FILE - This is a Thursday, Dec. 6, 2012 file photo of Britain's Prince William stand next to his wife Kate, Duchess of Cambridge as she leaves the King Edward VII hospital in central London. Jurors at Britain's phone hacking trial have heard transcripts Thursday Dec. 19, 2013 of intercepted messages left by Prince William on Kate Middleton's phone, in which he calls her "babykins" and jokes about almost being shot during a military training exercise. The messages from 2006 were found among the belongings of private investigator Glenn Mulcaire, who has been convicted of hacking the phones of aides to William and Prince Harry. (AP Photo/Alastair Grant, File)
LONDON — Jurors at Britain’s phone hacking trial have been read intercepted messages left by Prince William on Kate Middleton’s phone, in which he calls her “babykins” and jokes about almost being shot during a military training exercise.
The recording dates back to the days before they were married and reveals the extent of media intrusion into the lives of William, second-in-line for the throne, and Middleton, who at the time was a private citizen dating a senior royal.
The recorded messages from 2006 were found among the belongings of private investigator Glenn Mulcaire, who has been convicted of hacking the phones of aides to William and his younger brother, Prince Harry.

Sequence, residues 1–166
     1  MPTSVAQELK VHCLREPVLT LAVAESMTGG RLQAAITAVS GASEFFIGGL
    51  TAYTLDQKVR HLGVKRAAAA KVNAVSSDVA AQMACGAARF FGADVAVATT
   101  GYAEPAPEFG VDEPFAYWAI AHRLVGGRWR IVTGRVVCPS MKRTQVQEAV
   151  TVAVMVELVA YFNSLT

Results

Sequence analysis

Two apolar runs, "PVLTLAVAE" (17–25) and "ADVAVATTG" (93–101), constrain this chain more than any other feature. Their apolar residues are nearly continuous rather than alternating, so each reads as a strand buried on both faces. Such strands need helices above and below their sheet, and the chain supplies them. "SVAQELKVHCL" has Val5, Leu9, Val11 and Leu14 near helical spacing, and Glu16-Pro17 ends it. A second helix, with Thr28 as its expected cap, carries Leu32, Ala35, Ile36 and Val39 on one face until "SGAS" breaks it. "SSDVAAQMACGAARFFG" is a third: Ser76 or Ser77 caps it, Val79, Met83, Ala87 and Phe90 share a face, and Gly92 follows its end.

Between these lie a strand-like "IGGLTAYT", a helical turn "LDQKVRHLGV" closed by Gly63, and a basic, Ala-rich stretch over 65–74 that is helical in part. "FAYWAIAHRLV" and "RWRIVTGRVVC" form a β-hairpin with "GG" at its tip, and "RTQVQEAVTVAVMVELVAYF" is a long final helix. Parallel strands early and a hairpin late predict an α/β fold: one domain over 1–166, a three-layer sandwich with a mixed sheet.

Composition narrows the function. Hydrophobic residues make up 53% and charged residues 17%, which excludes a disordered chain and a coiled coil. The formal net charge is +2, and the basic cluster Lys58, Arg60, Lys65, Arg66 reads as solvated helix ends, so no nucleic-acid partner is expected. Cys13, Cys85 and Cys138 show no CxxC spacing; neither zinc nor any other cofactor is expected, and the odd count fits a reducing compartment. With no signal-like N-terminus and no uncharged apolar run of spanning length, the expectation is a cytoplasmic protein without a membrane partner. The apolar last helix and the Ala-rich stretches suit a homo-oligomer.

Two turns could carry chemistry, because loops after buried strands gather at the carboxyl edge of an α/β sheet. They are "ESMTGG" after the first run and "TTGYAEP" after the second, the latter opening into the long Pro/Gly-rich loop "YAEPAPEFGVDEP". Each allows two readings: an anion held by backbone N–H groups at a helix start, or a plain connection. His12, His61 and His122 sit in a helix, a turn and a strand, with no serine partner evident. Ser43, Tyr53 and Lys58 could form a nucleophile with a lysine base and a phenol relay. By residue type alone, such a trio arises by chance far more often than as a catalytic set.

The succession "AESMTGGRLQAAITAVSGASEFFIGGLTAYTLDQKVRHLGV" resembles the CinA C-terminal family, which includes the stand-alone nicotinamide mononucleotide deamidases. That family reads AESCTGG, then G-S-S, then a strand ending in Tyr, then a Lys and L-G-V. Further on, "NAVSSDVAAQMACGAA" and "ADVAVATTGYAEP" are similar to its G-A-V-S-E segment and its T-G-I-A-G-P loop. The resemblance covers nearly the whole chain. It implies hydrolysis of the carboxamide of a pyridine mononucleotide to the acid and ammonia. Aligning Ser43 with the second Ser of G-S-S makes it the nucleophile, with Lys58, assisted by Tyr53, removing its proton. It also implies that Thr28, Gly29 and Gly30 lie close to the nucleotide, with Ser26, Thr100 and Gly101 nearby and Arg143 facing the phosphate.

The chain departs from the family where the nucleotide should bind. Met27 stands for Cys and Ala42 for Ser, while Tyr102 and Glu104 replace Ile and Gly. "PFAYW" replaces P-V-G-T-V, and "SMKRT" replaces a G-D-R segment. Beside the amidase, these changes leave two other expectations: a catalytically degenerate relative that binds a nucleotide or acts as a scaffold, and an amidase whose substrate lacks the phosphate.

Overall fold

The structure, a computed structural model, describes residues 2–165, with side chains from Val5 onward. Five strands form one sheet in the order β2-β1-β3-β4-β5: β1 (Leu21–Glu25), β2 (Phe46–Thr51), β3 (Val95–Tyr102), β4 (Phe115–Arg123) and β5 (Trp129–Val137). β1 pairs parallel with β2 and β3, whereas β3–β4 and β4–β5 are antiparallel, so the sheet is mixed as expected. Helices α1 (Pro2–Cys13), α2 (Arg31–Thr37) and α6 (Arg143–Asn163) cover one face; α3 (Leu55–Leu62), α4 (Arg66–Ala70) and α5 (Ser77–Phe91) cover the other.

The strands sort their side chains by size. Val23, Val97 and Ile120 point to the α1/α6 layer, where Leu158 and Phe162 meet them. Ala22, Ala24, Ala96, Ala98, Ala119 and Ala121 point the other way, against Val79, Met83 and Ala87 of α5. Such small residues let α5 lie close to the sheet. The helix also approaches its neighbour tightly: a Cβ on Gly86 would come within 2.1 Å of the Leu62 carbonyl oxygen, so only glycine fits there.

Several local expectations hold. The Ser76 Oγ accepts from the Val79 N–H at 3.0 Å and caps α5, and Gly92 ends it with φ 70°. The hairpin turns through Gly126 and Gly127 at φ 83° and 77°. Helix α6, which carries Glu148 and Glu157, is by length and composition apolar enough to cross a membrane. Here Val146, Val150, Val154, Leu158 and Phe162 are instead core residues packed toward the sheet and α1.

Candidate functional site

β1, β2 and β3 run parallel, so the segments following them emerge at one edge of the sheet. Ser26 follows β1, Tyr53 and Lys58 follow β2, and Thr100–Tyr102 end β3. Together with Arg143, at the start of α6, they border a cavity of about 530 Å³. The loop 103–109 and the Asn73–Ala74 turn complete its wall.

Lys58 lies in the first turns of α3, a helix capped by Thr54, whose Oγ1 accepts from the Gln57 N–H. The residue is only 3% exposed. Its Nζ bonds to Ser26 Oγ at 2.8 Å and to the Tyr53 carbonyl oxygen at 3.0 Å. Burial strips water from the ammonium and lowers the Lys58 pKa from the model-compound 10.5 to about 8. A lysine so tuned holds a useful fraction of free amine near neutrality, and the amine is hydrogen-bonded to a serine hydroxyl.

Three messages read out today were left while William was attending Sandhurst military academy. He and Kate married in 2011.
One message from William begins with the words: “Hi baby. Um, sorry, I’ve just got back in off my night navigation exercise.”
He continues: “I had a busy day today again. I’ve been running around the woods of Aldershot chasing shadows and getting horribly lost, and I walked into some other regiment’s ambush, which was slightly embarrassing because I nearly got shot. Not by live rounds but by blank rounds, which would have been very embarrassing, though.”
Seven people, including former News of the World editors Andy Coulson and Rebekah Brooks, are on trial on charges related to wrongdoing at the defunct Rupert Murdoch-owned newspaper.
Prosecutors said earlier in the trial that Middleton’s name was on Mulcaire’s list of phone hacking targets.